FSF Privacy Key
You can also install root SSL CACert.org certificates in your default browser, letting you easily verify sites and people who use the free public key certificates from CACert.org. The programs on the key will even check for updates automatically.
Some of the applications on the key are designed to be used directly from the USB key:
Seahorse PGP Key Manager-
Seahorse will manage your GNU Privacy Guard keyring. You can import
others public keys into your keyring with varying degrees of trust as
well as manage your own PGP identity.
FSF Directory Listing - Seahorse Project Homepage
Revelation Password Manager-
Revelation offers a secure and convenient way to maintain a database of
usernames and password for websites, databases, shell accounts, and
FSF Directory Listing - Revelation Project Homepage
Tor Internet Anonymizer-
Tor, in combination with Privoxy, provides effective masking of your IP
address when accessing Internet resources, making it practically
impossible for any third party to track your Internet activities. The
key includes a new application called TorNado written specifically for
the FPK to help you manage Tor. TorNado will modify your GNOME desktop
proxy settings to use Tor when activated and disable proxy settings
when deactivated. Furthermore, it will attempt to modify the default
profile for Mozilla Firefox, but Firefox must be restarted for the
activation and deactivation to take effect.
FSF Directory Listing - Tor Homepage
OpenSSH Identity Agent-
The OpenSSH identity agent helps you create an SSH identity and to add
it to the running ssh-agent, so that shelling into remote servers
offers your public key as a means of authentication. Please be careful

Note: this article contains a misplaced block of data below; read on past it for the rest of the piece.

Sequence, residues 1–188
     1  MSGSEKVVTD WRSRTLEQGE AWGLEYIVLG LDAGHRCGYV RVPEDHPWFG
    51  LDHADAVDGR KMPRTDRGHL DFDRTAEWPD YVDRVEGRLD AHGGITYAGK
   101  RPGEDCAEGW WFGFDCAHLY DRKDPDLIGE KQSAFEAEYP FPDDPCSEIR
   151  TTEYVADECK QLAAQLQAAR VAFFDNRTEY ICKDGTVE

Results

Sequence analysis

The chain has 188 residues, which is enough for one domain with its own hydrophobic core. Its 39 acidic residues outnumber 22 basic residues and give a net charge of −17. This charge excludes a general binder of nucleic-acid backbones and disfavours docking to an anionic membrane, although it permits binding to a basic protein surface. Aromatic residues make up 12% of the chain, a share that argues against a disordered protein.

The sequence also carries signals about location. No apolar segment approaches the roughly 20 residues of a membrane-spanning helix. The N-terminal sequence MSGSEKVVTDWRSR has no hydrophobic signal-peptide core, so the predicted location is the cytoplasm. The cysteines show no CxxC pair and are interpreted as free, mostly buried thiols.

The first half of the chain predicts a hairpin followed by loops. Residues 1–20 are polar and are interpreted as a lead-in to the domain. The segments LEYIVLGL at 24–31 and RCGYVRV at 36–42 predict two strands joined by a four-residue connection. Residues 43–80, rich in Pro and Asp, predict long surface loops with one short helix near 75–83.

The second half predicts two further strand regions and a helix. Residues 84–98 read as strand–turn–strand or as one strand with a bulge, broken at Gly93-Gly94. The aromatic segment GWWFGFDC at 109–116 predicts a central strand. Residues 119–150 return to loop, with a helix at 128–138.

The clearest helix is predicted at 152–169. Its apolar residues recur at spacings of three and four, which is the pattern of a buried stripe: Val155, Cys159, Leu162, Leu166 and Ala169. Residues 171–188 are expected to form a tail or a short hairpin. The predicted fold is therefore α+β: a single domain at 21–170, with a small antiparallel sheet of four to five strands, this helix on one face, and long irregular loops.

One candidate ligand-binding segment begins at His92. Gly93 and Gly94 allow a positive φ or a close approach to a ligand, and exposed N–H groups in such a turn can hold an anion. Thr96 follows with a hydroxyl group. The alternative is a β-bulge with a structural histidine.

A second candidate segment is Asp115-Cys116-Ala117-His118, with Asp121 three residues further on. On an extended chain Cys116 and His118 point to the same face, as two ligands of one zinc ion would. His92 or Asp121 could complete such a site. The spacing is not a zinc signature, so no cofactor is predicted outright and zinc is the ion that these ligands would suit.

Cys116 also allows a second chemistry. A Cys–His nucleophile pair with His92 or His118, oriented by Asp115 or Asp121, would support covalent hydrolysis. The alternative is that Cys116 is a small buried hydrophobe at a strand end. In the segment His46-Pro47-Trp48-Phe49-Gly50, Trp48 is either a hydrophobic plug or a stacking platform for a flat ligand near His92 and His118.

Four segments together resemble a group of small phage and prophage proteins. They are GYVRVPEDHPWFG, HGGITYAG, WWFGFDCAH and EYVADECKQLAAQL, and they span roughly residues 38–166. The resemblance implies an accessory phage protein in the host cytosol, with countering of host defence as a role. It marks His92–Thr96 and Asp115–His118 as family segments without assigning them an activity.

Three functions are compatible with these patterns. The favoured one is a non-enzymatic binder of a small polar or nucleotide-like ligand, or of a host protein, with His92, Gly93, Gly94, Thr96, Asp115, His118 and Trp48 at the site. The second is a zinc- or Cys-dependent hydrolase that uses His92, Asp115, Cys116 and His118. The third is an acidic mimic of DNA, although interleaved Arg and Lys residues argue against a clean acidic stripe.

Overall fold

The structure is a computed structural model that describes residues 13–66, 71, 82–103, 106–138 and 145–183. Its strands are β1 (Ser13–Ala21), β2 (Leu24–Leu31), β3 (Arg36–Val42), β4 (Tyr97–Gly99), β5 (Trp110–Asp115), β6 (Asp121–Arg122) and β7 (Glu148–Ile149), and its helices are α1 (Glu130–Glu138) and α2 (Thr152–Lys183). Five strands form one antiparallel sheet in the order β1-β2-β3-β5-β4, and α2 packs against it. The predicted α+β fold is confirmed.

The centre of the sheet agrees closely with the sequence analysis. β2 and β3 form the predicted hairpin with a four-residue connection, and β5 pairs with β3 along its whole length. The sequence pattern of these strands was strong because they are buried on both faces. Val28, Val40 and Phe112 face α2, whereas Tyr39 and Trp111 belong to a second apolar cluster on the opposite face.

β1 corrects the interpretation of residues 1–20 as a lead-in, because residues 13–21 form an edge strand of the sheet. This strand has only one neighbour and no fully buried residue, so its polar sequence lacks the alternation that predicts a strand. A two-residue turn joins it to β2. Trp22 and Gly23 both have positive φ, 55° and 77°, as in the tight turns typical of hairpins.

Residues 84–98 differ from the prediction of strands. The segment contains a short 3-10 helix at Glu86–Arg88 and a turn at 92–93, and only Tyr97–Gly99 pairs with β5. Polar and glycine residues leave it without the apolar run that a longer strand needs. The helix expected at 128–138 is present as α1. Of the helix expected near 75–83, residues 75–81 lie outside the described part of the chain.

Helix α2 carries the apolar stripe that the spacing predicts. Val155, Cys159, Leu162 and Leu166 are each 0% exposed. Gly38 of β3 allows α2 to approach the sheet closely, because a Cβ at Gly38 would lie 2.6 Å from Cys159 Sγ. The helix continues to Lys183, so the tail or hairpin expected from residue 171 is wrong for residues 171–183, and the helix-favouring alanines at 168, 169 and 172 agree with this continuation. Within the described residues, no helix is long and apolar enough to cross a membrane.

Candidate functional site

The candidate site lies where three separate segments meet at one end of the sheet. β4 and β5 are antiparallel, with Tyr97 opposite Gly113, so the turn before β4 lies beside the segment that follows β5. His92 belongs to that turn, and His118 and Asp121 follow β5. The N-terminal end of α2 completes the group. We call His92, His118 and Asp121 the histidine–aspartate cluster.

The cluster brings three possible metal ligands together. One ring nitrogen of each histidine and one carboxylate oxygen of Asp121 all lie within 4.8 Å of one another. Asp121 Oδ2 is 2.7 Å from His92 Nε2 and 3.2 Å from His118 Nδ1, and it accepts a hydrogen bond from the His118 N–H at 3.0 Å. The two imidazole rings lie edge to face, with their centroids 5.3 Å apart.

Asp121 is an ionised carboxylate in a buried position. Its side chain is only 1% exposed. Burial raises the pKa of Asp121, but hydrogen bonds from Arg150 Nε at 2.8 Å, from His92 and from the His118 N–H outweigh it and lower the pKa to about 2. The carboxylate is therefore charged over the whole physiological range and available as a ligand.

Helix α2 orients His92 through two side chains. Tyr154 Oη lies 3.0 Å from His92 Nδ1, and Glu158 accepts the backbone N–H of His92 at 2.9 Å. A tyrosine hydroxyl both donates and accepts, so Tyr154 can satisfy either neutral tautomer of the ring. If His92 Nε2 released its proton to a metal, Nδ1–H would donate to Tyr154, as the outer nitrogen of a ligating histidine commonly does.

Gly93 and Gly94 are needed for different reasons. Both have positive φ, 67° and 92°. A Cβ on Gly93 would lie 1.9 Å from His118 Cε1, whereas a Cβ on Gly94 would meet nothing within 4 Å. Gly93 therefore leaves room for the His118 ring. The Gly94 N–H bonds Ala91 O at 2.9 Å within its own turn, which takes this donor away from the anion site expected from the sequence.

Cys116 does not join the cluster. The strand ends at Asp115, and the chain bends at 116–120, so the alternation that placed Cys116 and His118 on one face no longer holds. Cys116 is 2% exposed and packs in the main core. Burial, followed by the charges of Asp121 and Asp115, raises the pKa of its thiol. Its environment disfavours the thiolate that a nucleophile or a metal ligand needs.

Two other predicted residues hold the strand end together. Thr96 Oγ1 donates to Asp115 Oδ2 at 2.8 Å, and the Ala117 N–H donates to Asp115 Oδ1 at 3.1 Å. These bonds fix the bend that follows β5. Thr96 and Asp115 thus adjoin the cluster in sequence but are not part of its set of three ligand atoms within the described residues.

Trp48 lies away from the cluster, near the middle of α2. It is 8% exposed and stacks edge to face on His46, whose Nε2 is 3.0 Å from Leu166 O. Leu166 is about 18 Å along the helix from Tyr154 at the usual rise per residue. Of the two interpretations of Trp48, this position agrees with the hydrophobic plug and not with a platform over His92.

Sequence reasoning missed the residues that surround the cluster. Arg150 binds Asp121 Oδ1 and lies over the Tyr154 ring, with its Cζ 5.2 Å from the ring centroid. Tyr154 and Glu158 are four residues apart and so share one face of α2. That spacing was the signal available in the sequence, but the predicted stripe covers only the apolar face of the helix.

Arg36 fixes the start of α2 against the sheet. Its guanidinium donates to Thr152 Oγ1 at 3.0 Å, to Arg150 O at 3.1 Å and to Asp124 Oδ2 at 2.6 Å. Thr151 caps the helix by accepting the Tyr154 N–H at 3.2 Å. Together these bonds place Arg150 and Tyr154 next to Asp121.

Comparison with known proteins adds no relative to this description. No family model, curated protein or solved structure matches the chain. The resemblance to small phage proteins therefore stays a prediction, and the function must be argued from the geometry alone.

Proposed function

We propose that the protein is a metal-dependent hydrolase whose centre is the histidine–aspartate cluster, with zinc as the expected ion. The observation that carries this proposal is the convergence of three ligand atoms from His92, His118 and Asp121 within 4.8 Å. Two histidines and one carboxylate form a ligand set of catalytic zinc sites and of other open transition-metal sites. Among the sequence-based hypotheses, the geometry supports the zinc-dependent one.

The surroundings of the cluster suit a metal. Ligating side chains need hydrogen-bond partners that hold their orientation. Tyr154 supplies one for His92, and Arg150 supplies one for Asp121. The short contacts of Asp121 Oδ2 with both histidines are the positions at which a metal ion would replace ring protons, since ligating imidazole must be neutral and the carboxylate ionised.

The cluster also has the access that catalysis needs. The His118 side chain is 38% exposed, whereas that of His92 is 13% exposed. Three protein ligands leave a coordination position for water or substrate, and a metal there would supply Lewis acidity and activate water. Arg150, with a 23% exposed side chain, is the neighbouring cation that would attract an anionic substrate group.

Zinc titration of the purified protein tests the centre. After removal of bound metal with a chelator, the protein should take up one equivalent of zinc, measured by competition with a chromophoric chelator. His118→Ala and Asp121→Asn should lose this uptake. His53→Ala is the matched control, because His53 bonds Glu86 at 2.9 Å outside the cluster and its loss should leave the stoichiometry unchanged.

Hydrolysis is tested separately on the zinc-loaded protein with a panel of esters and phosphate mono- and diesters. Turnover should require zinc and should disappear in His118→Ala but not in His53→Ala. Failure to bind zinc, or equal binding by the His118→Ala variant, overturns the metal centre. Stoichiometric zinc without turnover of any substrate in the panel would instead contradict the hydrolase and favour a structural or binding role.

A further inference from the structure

though -- once the identity is added to the ssh-agent, even with the
USB key removed, that agent still retains the identity's private key in
FSF Directory Listing - OpenSSH Homepage
For workstations you administer, the key has several security features that can be installed.
Install CACert.org Root Certificate
- Selecting this option will launch your GNOME default browser and
attempt to install the root SSL certificate from CACert.org into your
browser's list of trusted root certificate authorities. Some systems
will not correctly identify the MIME type of the certificate, in which
case the certificate will be displayed in the browser as ASCII-armored
text. If your system malfunctions in this way, you will have to import
the certificate by hand.
Install Keyrings as your Defaults - Selecting this option will make the current user's default SSH and PGP keyrings symbolic links to the keyrings on this USB key. Existing keyrings in the current user's home directory will be backed up.
Configuring Your System for Autorun
The GNOME Volume Manager can be configured to automatically launch the FPK toolbox when the key is inserted. To do this, go to your GNOME Preferences for "Removable Drives and Media" or "Removable Storage" and ensure that the box is checked for "Auto-run programs on new drives". The FPK toolbox is launched from the script autorun.sh at the root of the key's file tree. With this GNOME Volume Manager option enabled, each time you insert the key, you will be asked if you wish to run this script.
Some distibutions (notable Breezy Badger) will mount this key with the noexec option as a security precaution. Unfortunately, this will prevent the key from being useful. If you find your distribution mounting the key this way, consult your distribution's documentation for how to reconfigure pmount or remount the drive with the exec flag.
To use the FSF Privacy Key (FPK) on a GNU/Linux distribution, that distribution must provide:
- GNOME Desktop Environment (version 2.8 or later) with libglade2
- A Python interpreter (version 2.3 or later)
- A Filesystem Standard Hierarchy 2.3 compliant file tree
The applications on the FPK expect to be executed from /media/usbdisk in accordance with the Filesystem Hierarchy Standard (FHS) 2.3 standard. The applications will not work reliably if the key is mounted at any other location.
live applications expect to find copies of GNU Privacy Guard (including
gpg-error) and OpenSSH in the system available in the path.